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Boardwalk Empire Season 4 Review: A Straight Classic, No Chaser
HBO’s Boardwalk Empire has been accused of being a little too disparate in its exploration of prohibition in Atlantic City, but with the fourth season proves that to be a moot point. This is about more than one event in time and one person. Steve Buscemi’s Nucky is just an anchor, and the show is not a character study sticking to him alone. The landscape of 20s America is ripe with individual tales worth telling, and themes worth exploring.
The stories born from the premise are varied and populated by compelling characters that collide with one another in spectacular fashion. All in an era not seen often, if at all in the manner we get it here. Following The Wire’s legacy, Boardwalk Empire feels like a mammoth novel painted to life on screen with the brilliant writing team led by creator Terence Winter, and directed by TV luminaries spearheaded by Tim Van Patten.
Season four picks up in the aftermath of Nucky’s war with New York, having established an uneasy peace with Masseria (Ivo Nandi) and Rothstein (Michael Stuhlbarg), he sets his sights on a bootlegging opportunity in Florida where we meet the spunky bar owner Sally (played by Patricia Arquette). It’s a nice change of scenery, though doesn’t become an integral focus for the season in as much as it sets the seeds for conflict brewing elsewhere.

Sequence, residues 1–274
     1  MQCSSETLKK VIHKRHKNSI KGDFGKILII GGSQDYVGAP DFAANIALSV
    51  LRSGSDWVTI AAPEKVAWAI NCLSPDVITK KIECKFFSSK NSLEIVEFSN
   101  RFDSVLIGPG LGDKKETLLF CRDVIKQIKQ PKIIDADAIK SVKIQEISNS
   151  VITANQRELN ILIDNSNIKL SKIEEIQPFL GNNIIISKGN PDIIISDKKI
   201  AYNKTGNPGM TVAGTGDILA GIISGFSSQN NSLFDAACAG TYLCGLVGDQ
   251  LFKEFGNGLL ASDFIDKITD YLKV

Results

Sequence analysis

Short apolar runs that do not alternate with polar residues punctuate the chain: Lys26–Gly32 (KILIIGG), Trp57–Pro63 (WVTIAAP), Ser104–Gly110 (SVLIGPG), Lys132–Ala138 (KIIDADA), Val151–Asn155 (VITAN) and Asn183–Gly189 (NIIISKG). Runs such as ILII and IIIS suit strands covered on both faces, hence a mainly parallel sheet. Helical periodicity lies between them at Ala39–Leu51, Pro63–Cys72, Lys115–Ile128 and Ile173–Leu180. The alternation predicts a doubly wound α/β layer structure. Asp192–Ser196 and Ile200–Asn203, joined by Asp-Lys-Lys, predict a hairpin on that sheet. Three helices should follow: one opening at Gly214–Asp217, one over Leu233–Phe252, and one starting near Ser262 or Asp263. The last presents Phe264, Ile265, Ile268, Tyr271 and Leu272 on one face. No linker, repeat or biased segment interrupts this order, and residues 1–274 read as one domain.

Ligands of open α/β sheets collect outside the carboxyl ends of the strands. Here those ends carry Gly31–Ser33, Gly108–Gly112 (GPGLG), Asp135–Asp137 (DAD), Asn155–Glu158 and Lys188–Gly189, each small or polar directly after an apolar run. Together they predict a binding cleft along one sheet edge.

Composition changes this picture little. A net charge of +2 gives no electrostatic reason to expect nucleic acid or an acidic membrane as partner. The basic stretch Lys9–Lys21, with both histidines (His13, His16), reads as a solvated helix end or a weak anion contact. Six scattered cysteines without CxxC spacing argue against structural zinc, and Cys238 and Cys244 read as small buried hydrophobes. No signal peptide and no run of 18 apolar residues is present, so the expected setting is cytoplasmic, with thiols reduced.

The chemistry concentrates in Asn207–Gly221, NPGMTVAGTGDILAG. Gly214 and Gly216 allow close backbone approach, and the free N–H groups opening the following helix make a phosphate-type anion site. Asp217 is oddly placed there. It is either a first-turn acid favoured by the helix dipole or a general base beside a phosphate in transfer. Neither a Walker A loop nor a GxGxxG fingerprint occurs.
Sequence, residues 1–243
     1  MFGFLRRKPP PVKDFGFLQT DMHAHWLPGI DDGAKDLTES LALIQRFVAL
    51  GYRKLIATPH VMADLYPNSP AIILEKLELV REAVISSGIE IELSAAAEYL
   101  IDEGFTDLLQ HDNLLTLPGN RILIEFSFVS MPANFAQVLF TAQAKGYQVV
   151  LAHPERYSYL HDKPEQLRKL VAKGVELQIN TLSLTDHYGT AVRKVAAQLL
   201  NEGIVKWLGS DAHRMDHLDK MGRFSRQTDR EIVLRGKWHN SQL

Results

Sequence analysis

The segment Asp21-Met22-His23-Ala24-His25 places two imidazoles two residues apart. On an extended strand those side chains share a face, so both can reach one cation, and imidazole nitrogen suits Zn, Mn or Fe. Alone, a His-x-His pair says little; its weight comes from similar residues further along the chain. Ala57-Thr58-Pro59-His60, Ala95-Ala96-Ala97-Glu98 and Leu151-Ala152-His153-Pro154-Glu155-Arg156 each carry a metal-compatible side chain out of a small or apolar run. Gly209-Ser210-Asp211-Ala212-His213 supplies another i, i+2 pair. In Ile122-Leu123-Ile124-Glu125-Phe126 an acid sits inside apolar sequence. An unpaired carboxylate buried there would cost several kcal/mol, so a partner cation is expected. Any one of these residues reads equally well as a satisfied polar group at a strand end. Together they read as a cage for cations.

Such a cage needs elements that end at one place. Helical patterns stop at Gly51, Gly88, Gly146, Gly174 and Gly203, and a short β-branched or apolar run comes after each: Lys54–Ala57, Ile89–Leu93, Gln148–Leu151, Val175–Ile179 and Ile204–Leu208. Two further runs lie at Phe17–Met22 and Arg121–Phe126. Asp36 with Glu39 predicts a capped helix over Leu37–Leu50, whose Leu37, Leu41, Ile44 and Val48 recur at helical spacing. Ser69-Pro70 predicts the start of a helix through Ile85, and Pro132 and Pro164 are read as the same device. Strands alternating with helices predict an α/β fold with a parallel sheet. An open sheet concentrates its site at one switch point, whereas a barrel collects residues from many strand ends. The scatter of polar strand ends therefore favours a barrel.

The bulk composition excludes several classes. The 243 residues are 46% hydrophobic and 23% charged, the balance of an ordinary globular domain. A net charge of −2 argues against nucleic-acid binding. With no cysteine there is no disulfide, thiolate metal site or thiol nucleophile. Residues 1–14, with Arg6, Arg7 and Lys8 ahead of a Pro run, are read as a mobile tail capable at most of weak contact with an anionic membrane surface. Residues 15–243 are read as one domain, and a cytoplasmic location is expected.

A conflict which arrives in the form of a new FBI character, agent Knox played by Brian Geraghty. Ambitious, dangerous, a man you love to hate, Knox gets his hooks into Nucky’s closest men. First his right hand man Eddie, and then his brother Eli. Spurred on by a rivalry with his boss who happens to be a certain J. Edgar Hoover (played by Eric Ladin), his arc leads to an utterly vicious climax between Eli that had me literally shaking. Partly due to the nerve-racking direction and editing, but also because of Shea Whigham, one of the great underrated actors peppering this show. You really can’t stand to see any harm come to anyone interesting, and characters like Eli, Richard Harrow and Chalky White are what keep me returning every episode.
How unfortunate then that key players are indeed dispatched or brutalised in this season’s incredible finale, which was filmed in a way that defies the TV format, directed with cinematic flourish. Amongst the memorable scenes of frantic and tense mayhem were beautiful imagery, none more so than Jack Huston’s special sequence in the latter half which gave me goosebumps. We are in a golden age of serialised TV, and Boardwalk Empire continues to spoil us with quality. Sure, naysayers may complain that this show doesn’t do anything that period-set films like Goodfellas haven’t done, but come on. Who doesn’t want to watch a show that’s mentioned in the same sentence as Goodfellas!